or with the legal or scriptural bases of witchcraft belief. Only two writers
broke free of these intellectual constraints, and for their trouble were
regarded by their contemporaries as extremists: ReginaldScot, who
challenged the prevailing patterns of the sceptical tradition by depriving
the devil of the ability to influence the workings of
It is natural to unnatural people, and peculiar unto witchmongers, to pursue the poor, to accuse the simple, and to kill the innocent . 1
This assertion, that those in poverty were particularly vulnerable to accusations of witchcraft, was the view in 1584 of the Kentish JP and witchcraft sceptic ReginaldScot. If he was correct to link witchcraft and the poor, it might be assumed that the Lancashire witch trials of 1612 and 1634 were only to be expected, given that they followed
One experience inspiring generically divergent publications
Amy G. Tan
industry to produce this public defence.
In his defence, Bernard carefully situated
Guide against the views of ReginaldScot, who in 1584 had
published the strongly sceptical Discouerie of Witchcraft . As
Simon Davies has suggested, Scot’s view was not always so far divorced, in terms of practice, from
the views of more mainstream demonological writers. In that regard,
Ralph Knevet's Supplement of the Faery Queene (1635) is a narrative and allegorical work, which weaves together a complex collection of tales and episodes, featuring knights, ladies, sorcerers, monsters, vertiginous fortresses and deadly battles – a chivalric romp in Spenser's cod medieval style. The poem shadows recent English history, and the major military and political events of the Thirty Years War. But the Supplement is also an ambitiously intertextual poem, weaving together materials from mythic, literary, historical, scientific, theological, and many other kinds of written sources. Its encyclopaedic ambitions combine with Knevet's historical focus to produce an allegorical epic poem of considerable interest and power. This new edition of Knevet's Supplement, the first scholarly text of the poem ever published, situates it in its literary, historical, biographical, and intellectual contexts. An extensive introduction and copious critical commentary, positioned at the back of the book, will enable students and scholars alike to access Knevet's complicated and enigmatic meanings, structures, and allusions.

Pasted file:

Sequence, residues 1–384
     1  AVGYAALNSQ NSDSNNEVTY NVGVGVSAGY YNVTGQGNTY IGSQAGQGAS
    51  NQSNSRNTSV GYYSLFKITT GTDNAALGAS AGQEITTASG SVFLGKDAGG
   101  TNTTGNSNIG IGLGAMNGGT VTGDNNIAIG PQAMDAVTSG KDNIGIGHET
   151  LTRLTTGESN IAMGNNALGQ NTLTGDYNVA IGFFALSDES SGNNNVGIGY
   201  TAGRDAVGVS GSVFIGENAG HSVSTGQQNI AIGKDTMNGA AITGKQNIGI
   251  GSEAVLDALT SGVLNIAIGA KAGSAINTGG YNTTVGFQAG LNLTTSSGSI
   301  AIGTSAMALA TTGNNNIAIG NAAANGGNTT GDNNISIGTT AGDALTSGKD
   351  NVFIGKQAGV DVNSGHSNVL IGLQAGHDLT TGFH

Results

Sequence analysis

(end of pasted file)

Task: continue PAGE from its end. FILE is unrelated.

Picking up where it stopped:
Shakespeare wrote in, and for, an enchanted world but one that was on the cusp of change, with the emergence of observational methods, proto-empiricism and sceptical discourses, as exemplified by works such as ReginaldScot's The
Discoverie of Witchcraft (1584) and Francis Bacon's Novum Organum (1620), which reflected the impact of Protestant scepticism.
Scot argued that the time for miracles, oracles and prophecies had ‘ceased’, and that the preaching of a reformed faith had done away with
order. This claim suggests
that ReginaldScot’s work on witchcraft – entirely orthodox in
its declarations of Protestant faith, opposition to superstition, and
10 John Hall, A Poesie in Forme of a Vision (London, 1563), sigs A7v, A8r,
11 SP xv.25, fol. 212 (5 November, 1578).
Witchcraft in Elizabethan drama
anti-Catholic rhetoric – might also have been seen as troubling, and
even politically subversive, in its main conclusions.
Witchcraft prosecutions in Elizabethan England overwhelmingly
targeted women, but magic in general was far from being a female